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“”I cannot help thinking, that some of those servants mentioned by the Apostles in their epistles, were or had been slaves. It is plain, that the Gibeonites were doomed to perpetual slavery, and though liberty is a sweet thing to such as are born free, yet to those who never knew the sweets of it, slavery perhaps may not be so irksome.
|—George Whitefield, Works, volume 2, letter DCCCLXXXVII|
George Whitefield was the most famous preacher of the First Great Awakening, a founder of Methodism, and an advocate for slavery (to make his plantation profitable), leading to the successful introduction of slavery to Georgia. Rubbing salt into the wound, he is also remembered as one of the first to preach to slaves.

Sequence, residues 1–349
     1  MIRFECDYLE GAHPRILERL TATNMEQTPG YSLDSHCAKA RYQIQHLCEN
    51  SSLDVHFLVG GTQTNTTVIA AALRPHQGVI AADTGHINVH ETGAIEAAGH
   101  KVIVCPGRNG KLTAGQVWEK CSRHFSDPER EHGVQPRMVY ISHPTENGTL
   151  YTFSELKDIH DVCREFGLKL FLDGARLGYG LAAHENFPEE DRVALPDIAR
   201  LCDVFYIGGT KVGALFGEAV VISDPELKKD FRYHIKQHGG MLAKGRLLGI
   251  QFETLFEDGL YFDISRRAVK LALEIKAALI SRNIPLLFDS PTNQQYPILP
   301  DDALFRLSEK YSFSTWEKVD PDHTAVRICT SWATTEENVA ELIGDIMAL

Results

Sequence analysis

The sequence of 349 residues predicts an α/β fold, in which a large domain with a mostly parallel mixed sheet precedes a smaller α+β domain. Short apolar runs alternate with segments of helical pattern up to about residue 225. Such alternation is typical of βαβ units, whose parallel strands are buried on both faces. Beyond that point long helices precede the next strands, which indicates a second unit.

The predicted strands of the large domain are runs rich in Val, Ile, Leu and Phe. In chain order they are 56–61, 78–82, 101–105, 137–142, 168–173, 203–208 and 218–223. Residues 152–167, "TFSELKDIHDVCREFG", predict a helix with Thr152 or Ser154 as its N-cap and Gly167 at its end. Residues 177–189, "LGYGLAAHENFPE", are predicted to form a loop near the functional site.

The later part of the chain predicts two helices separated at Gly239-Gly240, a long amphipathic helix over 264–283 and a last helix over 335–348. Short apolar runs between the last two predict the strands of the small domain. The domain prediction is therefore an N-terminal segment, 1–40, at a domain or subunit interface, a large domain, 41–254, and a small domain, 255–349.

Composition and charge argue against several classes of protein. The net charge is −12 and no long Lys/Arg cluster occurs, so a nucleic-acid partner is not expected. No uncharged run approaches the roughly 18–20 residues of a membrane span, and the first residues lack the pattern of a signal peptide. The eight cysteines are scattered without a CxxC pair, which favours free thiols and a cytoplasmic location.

Along with Jonathon Edwards, Whitefield heavily influenced American Christianity by popularizing a style of preaching that sought to elicit an emotional response from the audience. Whitefield and other preachers in the First Great Awakening introduced techniques like the "mourner's bench" (the predecessor to the alter call) to draw audience members to the front of the church to convert or rededicate themselves to God.
Despite preaching Calvinism and lobbying for slavery, he arguably did do some good things; the Bethesda Orphanage he created is the oldest charity in the US (although even that was tainted; built from the proceeds of slavery and maintained in part by slaves).